FILM OF THE WEEK: The Connection (1962)
by Vadim Rizov
[Presented by Milestone Films, The Connection opens today at NYC's IFC Center in a new 35mm restoration.]
Though credulous French viewers allegedly mistook it for vérité footage at Cannes, Shirley Clarke's 1962 drama The Connection
is unmistakably a filmed play. A camera swoop through a ratty New York apartment halts for a sweaty, self-and-everyone-loathing monologue from waspy addict Leach (Warren Finnerty
), fuming about his "so-called friends" and their junkie worthlessness. Far from naturalism, this is Eugene O'Neill
territory, with a drug connection subbing for the long-awaited iceman in a purgatorial living room. Leach finds his place under a big sign posted above the bathroom for maximum dark comic value ("Heaven or hell...which will you choose?"), holding forth with barroom intensity and pointlessness about the speed of light and the body's transparency.
Clarke meticulously records Finnerty's theatrical version of verisimilitude. More of-the-time hamminess comes from Solly (Jerome Raphael), a middle-aged intellectual with a penchant for philosophizing at the slightest provocation. Leach's problem is his sexual incompatibility with every woman on the planet ("a queer without being a queer," one of the addicts sneers), while Solly's seen gazing at male nudes. Their sexual marginalization isn't necessarily related to their drug habit.
can be profitably viewed as an even-handed dual record of contemporary off-Broadway theater and bop only incidentally interested in heroin use. Many of the musicians weren't actually users, but saxophonist Jackie McLean taught them how to credibly mimic nodding in and out. When the connection finally shows up, Freddie Redd's ensemble doesn't stop their song: each monologue-averse quartet member drops out to shoot up, taking just long enough for another player to solo. After all four have had their fix, they all play a full-band reprisal, having never once lost control over song structure.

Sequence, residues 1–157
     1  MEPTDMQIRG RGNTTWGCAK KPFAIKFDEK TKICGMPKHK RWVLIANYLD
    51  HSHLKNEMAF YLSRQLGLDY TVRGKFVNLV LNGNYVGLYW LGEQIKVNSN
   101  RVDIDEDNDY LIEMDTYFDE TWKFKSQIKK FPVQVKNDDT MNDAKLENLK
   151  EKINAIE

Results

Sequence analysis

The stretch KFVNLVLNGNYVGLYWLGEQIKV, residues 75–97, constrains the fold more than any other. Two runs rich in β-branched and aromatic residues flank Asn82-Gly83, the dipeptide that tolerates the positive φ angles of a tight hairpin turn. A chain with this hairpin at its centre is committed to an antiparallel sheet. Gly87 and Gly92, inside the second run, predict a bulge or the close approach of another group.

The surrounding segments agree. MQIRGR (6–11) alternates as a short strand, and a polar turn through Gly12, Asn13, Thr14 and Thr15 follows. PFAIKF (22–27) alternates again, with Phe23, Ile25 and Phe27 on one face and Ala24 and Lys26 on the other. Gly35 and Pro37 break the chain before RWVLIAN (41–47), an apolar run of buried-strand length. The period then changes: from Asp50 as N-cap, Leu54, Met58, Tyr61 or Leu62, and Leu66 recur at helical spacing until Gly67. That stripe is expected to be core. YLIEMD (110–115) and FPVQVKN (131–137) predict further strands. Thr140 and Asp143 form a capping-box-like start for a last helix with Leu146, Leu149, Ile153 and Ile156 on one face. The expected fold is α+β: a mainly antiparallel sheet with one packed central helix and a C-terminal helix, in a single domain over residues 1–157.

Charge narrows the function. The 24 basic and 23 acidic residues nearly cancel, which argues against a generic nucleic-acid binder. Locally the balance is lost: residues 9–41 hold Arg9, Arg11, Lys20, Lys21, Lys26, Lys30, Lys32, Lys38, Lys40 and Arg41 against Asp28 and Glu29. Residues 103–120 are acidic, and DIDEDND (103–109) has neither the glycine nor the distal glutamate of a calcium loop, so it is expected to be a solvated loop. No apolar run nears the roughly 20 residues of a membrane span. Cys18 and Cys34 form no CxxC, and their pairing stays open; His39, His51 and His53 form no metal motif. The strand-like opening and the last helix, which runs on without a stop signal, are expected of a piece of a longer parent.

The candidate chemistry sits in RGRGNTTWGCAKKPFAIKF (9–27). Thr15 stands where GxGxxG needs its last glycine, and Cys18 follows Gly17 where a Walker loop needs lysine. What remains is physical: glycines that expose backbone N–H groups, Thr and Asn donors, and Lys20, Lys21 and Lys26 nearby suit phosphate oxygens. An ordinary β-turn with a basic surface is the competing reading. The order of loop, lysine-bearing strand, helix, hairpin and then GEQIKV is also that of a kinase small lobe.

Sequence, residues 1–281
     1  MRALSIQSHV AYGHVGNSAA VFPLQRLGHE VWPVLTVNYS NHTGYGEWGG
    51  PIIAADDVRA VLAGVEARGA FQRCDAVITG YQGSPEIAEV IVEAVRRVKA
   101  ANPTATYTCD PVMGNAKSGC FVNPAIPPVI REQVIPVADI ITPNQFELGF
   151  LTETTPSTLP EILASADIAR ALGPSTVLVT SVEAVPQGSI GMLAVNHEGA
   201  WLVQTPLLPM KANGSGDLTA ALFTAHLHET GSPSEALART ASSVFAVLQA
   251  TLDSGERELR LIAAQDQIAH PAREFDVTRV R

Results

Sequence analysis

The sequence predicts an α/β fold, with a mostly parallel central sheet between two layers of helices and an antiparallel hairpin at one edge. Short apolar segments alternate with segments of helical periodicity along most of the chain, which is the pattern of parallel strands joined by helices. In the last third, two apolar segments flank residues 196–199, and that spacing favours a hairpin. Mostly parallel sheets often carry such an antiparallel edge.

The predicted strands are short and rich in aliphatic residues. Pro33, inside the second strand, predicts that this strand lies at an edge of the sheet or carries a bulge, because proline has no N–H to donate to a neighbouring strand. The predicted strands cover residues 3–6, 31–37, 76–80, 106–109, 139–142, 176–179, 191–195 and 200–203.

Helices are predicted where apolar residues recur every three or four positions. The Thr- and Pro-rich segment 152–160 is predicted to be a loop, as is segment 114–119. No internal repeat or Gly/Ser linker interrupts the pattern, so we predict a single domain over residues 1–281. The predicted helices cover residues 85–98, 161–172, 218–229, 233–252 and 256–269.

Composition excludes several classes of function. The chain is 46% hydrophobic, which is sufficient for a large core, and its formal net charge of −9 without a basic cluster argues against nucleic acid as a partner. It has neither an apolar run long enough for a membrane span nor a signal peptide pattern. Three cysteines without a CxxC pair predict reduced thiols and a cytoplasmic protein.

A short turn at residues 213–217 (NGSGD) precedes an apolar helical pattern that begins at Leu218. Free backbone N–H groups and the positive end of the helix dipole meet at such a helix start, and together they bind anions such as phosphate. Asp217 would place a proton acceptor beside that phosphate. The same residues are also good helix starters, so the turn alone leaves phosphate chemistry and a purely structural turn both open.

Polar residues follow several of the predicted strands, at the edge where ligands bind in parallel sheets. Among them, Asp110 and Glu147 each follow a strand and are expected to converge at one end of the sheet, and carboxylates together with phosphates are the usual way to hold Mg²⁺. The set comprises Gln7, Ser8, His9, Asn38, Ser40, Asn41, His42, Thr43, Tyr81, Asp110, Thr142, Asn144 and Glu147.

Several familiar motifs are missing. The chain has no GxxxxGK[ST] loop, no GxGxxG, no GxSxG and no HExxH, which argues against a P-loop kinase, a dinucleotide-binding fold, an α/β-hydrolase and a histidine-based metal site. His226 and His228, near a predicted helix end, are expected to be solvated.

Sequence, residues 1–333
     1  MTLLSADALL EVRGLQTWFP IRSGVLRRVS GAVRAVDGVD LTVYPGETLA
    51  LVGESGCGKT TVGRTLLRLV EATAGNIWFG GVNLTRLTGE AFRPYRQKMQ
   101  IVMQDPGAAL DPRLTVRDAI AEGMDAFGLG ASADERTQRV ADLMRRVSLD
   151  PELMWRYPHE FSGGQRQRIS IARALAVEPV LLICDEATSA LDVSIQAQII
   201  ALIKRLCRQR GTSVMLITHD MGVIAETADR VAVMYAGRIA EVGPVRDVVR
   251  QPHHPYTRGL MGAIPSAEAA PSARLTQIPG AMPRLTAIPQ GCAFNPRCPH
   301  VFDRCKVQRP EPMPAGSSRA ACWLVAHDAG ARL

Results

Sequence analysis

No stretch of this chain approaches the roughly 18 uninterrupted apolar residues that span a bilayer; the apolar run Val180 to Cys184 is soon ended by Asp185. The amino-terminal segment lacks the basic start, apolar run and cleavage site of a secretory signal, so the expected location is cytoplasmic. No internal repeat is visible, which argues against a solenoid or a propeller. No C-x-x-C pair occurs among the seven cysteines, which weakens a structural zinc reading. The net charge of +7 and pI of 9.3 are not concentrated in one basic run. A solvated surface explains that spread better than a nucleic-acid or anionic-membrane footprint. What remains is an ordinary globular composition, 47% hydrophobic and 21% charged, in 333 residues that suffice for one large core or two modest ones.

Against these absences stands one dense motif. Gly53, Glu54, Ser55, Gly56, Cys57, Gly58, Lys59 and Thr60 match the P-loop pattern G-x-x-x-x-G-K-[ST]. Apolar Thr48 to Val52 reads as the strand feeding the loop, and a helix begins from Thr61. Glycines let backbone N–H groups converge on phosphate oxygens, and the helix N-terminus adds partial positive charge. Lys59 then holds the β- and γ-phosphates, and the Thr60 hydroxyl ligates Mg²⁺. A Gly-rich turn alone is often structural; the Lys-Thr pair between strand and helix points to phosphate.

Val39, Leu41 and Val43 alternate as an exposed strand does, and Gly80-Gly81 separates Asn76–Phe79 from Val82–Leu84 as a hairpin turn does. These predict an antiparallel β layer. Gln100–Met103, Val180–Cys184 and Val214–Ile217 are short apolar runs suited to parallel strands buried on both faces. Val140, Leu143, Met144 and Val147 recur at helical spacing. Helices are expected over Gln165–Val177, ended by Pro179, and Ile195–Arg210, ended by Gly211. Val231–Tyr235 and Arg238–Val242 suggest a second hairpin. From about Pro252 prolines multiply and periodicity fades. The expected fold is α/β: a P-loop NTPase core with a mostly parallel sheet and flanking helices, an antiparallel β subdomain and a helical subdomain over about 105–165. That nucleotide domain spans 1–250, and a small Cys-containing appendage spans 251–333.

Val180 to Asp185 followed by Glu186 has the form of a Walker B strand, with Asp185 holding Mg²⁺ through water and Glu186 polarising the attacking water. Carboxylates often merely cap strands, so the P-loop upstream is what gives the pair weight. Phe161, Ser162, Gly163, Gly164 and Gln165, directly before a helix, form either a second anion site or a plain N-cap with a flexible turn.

The Living Theater's original production had actors insulting patrons in the lobby during intermission, and young Martin Sheen
(in his first stage role) interrupted the second act from the audience. More playfully, the adaptation subs out the on-stage director and producer and offers up a sacrificial lamb in the form of blustering documentarian Jim Dunn (William Redfield
). "I know something about Eisenstein and Flaherty" he says in a badly misguided attempt to lend authority to his desire to capture unvarnished reality (both filmmakers noted for high artifice and overt authorial flourishes). Mostly unseen, cameraman J.J. Burden (Roscoe Lee Browne
) observes with grim amusement his boss' attempts to ingratiate himself by stuttering how much he digs these cats rather than taking the obvious option of just shutting up and watching.
Dunn and Burden have two cameras, the film ostensibly cutting between their viewpoints. The cinematography is mostly omniscient, executed by offscreen hands when everyone but J.J. is clearly too incapacitated to shoot. Instead of trying to develop two separate visual viewpoints, Clarke goes for vigorous movement that never duplicates an earlier move. "What do you want to hear?" a junkie fumes in schematic, audience-indicting protest. "That we're a petty, self-annihilating microcosm?" The play's guilty as charged, miles away from the urban rot of 1971's twin heroin landmarks, Panic in Needle Park
(Manhattan) and Dusty and Sweets McGee
(Los Angeles), similar open-air juxtapositions of actors and the real-life destitute. Less interested than those films in capturing unquestionably authentic locations, The Connection
's vigorous record of a thorny production seemingly urges audiences to actively criticize and nitpick at the onscreen drama's credibility.
Posted by ahillis at May 4, 2012 9:31 AM